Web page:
It comes with a thin, delicate blade that demands a skilled person to work with it without damaging the edge.


The gyuto got several characteristics common along with a Western-based chef’s knife.

It is an all-purpose, lightweight knife that shines at a precision job like mincing, plus finer prep of both light proteins and vegetables.

However, this category will not perform well if you are cutting through thick materials like cartilage or bone, or cutting through larger items, for example, Hubbard squash.


The Honesuki is a boning knife though this type is made for the particular task of cutting through joints and breaking down poultry – but not to cleave bones.

However, more lately, honesukis with the same 50/50 bevel on either side are getting available, making such models an excellent choice for left-handed people.


The hankotsu type is a sturdy little knife that is used for lighter butchery purposes. It is perfect for tasks like breaking down poultry, trimming meat, Frenching a rack, boning, and getting between bones.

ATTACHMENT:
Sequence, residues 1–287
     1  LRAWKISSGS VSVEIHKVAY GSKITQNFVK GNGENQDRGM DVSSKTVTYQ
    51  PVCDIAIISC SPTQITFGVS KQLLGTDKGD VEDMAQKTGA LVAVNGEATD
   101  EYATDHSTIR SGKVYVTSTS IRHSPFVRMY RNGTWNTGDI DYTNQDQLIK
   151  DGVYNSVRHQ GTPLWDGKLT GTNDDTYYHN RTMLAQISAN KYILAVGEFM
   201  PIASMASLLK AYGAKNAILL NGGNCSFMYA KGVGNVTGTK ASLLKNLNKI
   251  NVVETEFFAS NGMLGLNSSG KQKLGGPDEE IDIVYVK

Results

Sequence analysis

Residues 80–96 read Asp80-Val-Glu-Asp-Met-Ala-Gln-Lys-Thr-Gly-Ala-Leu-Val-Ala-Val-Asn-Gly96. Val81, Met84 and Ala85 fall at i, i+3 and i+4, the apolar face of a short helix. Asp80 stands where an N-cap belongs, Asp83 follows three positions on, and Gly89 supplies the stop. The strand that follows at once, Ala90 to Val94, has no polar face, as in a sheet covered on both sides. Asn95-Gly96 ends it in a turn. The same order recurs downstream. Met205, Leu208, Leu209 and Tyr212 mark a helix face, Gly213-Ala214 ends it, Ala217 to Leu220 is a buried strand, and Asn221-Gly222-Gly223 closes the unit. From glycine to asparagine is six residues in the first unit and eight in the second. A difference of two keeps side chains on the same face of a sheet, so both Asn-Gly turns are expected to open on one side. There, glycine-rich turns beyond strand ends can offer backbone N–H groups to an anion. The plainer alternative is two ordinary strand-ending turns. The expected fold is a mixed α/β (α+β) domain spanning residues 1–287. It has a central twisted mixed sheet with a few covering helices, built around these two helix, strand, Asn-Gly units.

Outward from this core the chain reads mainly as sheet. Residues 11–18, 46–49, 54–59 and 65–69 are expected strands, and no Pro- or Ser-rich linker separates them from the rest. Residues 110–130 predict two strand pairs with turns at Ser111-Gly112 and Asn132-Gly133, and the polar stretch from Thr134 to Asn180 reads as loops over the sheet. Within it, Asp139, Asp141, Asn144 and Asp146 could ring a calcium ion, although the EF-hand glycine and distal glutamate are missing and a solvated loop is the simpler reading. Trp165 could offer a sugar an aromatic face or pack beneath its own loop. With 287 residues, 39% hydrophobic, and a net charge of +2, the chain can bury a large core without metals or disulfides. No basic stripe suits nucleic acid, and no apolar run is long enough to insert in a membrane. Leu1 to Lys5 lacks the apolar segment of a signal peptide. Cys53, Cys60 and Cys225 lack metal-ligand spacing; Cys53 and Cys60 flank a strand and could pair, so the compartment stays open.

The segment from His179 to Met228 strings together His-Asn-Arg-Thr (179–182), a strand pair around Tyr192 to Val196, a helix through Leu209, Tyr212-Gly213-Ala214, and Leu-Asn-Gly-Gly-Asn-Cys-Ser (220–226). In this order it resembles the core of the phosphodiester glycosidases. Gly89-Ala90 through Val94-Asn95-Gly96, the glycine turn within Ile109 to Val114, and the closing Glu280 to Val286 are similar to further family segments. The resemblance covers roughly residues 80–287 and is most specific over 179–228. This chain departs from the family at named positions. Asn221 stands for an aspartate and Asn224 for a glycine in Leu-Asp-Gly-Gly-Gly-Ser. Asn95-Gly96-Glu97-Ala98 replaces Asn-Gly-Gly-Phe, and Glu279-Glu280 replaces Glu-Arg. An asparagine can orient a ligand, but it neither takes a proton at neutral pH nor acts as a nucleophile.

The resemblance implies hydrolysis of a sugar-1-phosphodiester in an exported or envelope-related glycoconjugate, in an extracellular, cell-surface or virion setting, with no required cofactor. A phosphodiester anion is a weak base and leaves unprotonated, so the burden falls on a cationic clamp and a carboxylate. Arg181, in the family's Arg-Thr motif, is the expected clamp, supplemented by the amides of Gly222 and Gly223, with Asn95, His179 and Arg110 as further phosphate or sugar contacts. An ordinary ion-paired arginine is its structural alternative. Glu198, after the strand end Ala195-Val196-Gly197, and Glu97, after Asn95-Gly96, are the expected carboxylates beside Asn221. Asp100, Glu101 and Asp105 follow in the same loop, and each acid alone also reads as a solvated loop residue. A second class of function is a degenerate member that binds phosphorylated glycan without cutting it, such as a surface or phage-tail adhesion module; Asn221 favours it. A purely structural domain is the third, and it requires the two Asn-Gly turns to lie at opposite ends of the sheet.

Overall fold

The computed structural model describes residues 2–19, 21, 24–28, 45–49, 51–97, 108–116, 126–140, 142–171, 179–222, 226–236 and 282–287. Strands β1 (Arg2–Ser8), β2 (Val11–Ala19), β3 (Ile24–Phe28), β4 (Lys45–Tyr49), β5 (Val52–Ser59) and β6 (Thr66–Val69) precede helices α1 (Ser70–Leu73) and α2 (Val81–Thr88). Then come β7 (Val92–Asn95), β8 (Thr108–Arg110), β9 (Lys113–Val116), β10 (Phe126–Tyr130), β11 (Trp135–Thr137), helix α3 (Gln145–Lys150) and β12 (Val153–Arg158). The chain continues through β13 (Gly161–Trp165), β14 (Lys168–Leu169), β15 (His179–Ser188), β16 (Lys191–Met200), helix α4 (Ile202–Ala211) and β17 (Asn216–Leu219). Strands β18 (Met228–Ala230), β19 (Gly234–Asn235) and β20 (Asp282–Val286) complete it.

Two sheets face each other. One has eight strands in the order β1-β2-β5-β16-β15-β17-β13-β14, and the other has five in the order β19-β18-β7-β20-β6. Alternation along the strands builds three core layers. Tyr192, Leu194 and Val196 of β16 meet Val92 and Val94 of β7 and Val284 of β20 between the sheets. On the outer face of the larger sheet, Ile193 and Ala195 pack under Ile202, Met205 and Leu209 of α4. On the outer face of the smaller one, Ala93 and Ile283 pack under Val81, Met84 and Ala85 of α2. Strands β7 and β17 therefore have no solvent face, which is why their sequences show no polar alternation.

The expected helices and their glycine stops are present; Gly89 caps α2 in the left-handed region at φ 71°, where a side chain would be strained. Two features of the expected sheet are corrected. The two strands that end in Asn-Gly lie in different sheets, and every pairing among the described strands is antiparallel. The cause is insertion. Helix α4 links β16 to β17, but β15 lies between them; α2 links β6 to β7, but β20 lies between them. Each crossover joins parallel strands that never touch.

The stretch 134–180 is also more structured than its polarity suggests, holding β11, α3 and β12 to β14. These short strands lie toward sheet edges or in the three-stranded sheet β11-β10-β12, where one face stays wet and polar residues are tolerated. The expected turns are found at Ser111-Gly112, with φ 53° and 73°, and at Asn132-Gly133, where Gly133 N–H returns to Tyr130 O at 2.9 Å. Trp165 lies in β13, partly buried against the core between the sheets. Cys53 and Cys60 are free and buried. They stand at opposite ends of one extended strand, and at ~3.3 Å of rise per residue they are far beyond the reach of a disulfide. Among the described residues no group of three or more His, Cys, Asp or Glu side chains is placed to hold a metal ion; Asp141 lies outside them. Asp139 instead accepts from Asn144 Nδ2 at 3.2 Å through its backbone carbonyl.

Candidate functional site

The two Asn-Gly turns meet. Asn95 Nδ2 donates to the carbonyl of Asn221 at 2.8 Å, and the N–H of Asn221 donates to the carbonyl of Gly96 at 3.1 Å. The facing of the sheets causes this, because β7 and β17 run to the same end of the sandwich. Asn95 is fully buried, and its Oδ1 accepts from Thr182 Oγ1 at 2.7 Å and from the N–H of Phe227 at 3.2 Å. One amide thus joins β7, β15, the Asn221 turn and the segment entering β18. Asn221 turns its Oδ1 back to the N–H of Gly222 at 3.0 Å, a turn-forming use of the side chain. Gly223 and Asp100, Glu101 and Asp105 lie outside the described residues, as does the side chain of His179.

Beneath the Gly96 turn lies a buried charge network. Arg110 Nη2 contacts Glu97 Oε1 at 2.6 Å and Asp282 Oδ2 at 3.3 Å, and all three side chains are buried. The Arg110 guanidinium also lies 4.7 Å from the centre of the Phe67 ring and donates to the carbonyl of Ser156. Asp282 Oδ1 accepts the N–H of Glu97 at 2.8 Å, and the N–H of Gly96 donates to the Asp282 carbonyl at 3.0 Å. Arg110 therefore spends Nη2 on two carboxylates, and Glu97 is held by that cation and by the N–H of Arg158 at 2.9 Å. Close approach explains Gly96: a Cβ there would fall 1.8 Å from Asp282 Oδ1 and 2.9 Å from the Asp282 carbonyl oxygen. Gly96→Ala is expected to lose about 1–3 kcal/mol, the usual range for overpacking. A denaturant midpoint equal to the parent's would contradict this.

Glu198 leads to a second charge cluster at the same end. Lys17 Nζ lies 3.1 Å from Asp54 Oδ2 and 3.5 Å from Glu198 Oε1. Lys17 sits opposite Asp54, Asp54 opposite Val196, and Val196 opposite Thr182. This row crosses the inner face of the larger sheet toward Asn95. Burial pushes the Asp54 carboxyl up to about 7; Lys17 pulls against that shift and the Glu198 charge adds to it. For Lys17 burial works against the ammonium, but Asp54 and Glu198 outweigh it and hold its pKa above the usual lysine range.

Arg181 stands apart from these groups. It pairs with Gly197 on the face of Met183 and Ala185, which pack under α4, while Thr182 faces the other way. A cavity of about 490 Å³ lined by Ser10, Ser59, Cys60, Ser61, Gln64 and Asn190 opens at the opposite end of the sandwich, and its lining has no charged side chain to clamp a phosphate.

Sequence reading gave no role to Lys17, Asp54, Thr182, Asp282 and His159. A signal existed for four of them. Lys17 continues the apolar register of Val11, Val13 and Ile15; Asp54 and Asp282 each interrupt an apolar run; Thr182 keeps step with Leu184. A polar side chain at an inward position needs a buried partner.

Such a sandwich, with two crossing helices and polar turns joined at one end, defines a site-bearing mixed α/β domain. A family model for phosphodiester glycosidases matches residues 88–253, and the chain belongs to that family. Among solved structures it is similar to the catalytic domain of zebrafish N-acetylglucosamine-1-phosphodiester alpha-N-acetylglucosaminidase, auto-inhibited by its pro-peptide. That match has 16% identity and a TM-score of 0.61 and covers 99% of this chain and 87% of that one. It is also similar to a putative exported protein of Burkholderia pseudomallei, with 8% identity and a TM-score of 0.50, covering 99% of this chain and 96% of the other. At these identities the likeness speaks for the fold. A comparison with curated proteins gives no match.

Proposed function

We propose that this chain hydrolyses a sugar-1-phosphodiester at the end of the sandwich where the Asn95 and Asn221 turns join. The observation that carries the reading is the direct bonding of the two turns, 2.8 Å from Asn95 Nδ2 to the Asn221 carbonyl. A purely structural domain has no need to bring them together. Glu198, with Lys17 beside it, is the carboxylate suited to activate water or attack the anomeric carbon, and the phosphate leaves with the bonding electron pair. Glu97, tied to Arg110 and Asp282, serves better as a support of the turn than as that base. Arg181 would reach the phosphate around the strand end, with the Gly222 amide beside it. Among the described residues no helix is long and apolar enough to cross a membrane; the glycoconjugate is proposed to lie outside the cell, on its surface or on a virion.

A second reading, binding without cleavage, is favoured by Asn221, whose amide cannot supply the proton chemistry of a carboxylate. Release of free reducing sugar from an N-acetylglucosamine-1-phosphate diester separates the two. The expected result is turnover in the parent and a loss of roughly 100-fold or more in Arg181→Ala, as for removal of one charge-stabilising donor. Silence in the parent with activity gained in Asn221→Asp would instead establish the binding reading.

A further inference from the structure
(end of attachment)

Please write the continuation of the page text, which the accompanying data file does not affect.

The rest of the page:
If you are left-handed, it might not be the ideal option. It will be uncomfortable for vertical side boning unless you custom order one to left-handed usage. Also, Hankotsus call for special care while honing and sharpening.


Lean and long, it boasts a sword-like striking appearance along with a sheep’s foot tip. Also, is among just some multipurpose blades which are found in Japanese cutlery.

Kiritsuke is best used to push cuts and slicing. These perform well on your cooked proteins, raw fish, and vegetables.

Knife Set

If you would like to shell all out and advance all your kitchen knives in one shot, knife sets are the go-to choice.